9 Climbers Die As Avalanche Cuts Ropes
By Sadaqat Jan Associated Press
ISLAMABAD, Pakistan — At least nine climbers were feared dead on K-2, the world’s second highest mountain, after an avalanche cut ropes used to cross a treacherous wall of ice, officials and other climbers said Sunday.
Several other mountaineers were missing, prompting a desperate rescue effort on the peak in northern Pakistan, which is regarded as more dangerous to climb than Mount Everest.
A total of 22 people, mostly foreigners, in eight different groups scaled K-2′s summit on Friday, said Nazir Sabir of the Alpine Club of Pakistan.
As they made their way down, an avalanche carried away ropes fixed 1,148 feet below the peak, sweeping some climbers to their deaths and stranding others at a height where they would likely succumb to exposure, Sabir said.
Accounts varied on the number of dead and how they died.
Sabir said nine people died in the avalanche. Included in that number were two rescuers — a Nepalese sherpa and a Pakistani porter — who survivors said fell to their death.
He said two other climbers — a Pakistani and a Serbian on an expedition he helped organize — fell to their deaths Friday on the way up.
Mohammed Akram, vice president of the Adventure Foundation of Pakistan, a nonprofit organization, said six climbers died in the avalanche with another three killed in other accidents Friday.
He said several others, including local porters, were missing.
Akram said one rescue team dispatched Sunday had reached a Dutchman and an Italian suffering from frostbite and were helping them down toward a camp at an altitude of 21,325 feet.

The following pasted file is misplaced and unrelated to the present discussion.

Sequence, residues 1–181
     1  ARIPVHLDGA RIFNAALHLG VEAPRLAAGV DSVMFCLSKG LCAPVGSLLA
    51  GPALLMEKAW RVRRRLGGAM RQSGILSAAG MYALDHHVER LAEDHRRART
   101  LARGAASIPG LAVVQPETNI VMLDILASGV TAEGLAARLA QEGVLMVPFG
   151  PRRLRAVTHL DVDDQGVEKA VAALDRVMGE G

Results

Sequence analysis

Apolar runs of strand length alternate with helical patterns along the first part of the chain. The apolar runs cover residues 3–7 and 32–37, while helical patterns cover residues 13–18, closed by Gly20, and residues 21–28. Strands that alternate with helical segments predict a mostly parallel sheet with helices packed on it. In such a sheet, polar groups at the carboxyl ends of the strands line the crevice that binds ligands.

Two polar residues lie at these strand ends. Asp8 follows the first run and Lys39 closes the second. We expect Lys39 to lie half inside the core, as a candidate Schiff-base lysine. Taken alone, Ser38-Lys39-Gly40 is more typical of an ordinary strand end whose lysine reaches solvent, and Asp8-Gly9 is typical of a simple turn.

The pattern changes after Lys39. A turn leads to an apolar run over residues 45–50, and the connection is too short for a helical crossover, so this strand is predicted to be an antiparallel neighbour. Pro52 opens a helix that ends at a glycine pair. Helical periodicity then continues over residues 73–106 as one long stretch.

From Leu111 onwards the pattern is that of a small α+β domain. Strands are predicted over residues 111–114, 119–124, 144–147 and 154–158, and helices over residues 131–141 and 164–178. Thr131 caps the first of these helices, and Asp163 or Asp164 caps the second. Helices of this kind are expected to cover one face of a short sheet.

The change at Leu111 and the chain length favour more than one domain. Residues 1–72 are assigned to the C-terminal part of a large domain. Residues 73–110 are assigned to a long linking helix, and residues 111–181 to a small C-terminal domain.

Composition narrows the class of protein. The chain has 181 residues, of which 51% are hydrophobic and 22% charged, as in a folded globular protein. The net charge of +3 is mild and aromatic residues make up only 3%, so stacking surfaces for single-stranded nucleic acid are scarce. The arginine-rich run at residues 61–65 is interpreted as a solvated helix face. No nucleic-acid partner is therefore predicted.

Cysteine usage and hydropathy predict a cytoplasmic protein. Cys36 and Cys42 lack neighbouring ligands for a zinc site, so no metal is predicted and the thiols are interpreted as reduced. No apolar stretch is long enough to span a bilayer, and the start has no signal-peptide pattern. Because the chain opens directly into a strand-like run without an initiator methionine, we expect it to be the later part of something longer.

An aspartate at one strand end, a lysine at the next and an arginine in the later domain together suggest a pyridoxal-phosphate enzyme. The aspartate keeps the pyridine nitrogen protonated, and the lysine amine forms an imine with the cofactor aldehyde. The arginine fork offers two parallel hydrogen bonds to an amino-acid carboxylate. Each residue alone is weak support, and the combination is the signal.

He said helicopter crews spotted survivors, but could not pluck them to safety because the air is too thin for them to operate so high.
The fixed rope lines were strung across a point on the mountain known as “The Bottleneck.” Chris Warner, an American who climbed K- 2 last year, said it was the deadliest place on the mountain, the fall from there down the south face is some 9,000 feet.
“You can see how for people who were exhausted, it would have been nearly impossible for them to descend without the ropes,” said Warner.
He said hope was fading for anyone still alive and separated from their group. “Once their hands and feet are frozen, they really are unable to move on their own power, and it takes other people to carry them down,” he said.
At 28,250 feet, K-2 stands about 785 feet below Mount Everest, but is a “phenomenally dangerous mountain,” said Alan Arnett, who climbed a nearby peak with at least one of the missing climbers.
Compared with Everest, “it’s more technical, it’s steeper, the weather is more intense,” he said.
The toll from the avalanche was the highest from a single incident on K-2 since at least 1995, when seven climbers died after being caught in a fierce storm.
About 280 people have summited K-2 since 1954, when it was first conquered by Italians Achille Compagnoni and Lino Lacedell. Dozens of deaths have been recorded since 1939, most of them occurring during the descent.
The remote valleys of Northern Pakistan are home to five of the world’s 14 tallest peaks.
An Italian died last month after falling into a crevasse while trying to pioneer a treacherous route up Nanga Parbat, one of the others. His two companions were rescued by helicopter after they managed to descend part of the way.
On the Net:
Dutch-led expedition: www.humanedgetech.com/expedition/norit/
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